Please use this identifier to cite or link to this item:http://hdl.handle.net/20.500.12105/16736
Capacity for LDL (Low-Density Lipoprotein) Retention Predicts the Course of Atherogenesis in the Murine Aortic Arch.
Arterioscler Thromb Vasc Biol. 2023 May;43(5):637-649.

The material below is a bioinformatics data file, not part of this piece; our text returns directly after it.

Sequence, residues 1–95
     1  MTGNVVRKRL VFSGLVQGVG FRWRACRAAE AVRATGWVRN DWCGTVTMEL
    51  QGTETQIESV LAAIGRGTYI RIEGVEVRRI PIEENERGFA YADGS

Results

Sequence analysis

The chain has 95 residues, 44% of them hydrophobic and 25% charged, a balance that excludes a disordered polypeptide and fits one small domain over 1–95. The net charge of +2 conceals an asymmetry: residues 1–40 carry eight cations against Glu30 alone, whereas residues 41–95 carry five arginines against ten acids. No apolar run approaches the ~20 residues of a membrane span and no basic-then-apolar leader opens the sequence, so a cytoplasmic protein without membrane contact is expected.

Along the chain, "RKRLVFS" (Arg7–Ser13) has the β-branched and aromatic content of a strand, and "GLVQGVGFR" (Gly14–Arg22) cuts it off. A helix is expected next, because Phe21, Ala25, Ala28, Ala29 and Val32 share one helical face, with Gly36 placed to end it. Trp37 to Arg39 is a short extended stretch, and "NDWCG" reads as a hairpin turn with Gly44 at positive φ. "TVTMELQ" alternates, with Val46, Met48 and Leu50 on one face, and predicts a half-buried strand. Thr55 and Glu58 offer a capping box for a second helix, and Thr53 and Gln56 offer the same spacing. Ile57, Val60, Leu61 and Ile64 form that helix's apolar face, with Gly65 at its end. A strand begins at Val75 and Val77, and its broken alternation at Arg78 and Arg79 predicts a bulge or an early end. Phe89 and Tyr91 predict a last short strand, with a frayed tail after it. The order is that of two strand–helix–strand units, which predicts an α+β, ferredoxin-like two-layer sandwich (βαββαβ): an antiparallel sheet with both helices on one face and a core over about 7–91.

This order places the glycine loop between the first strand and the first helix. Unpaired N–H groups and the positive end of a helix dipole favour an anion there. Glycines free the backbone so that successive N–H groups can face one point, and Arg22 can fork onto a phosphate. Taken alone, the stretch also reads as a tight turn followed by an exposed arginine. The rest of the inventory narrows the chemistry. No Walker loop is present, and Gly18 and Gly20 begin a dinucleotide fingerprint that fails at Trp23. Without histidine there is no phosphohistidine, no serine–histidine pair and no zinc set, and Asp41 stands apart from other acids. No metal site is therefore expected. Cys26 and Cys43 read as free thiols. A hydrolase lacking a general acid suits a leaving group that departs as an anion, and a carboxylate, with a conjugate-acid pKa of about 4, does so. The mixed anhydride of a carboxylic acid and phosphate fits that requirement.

BACKGROUND To cause atherosclerosis, LDLs (low-density lipoproteins) must first pass through the endothelium and then become retained in the arterial matrix. Which of these two processes is rate-limiting and predicts the topography of plaque formation remains controversial. To investigate this issue, we performed high-resolution mapping of LDL entry and retention in murine aortic arches before and during atherosclerosis development. METHODS Maps of LDL entry and retention were created by injecting fluorescently labeled LDL followed by near-infrared scanning and whole-mount confocal microscopy after 1 hour (entry) and 18 hours (retention). By comparing arches between normal mice and mice with short-term hypercholesterolemia, we analyzed changes in LDL entry and retention during the LDL accumulation phase that precedes plaque formation. Experiments were designed to secure equal plasma clearance of labeled LDL in both conditions. RESULTS We found that LDL retention is the overall limiting factor for LDL accumulation but that the capacity for LDL retention varied substantially over surprisingly short distances. The inner curvature region, previously considered a homogenous atherosclerosis-prone region, consisted of dorsal and ventral zones with high capacity and a central zone with low capacity for continued LDL retention. These features predicted the temporal pattern of atherosclerosis, which first appeared in the border zones and later in the central zone. The limit to LDL retention in the central zone was intrinsic to the arterial wall, possibly caused by saturation of the binding mechanism, and was lost upon conversion to atherosclerotic lesions. CONCLUSIONS Capacity for continued LDL retention varies over short distances and predicts where and when atherosclerosis develops in the mouse aortic arch.
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